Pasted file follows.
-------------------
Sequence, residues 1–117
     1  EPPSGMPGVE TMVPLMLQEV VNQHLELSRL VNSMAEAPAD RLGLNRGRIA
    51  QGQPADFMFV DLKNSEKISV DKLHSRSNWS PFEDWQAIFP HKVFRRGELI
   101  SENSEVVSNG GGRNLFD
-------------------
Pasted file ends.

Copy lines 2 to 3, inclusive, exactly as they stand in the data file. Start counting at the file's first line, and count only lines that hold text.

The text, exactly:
     1  EPPSGMPGVE TMVPLMLQEV VNQHLELSRL VNSMAEAPAD RLGLNRGRIA
    51  QGQPADFMFV DLKNSEKISV DKLHSRSNWS PFEDWQAIFP HKVFRRGELI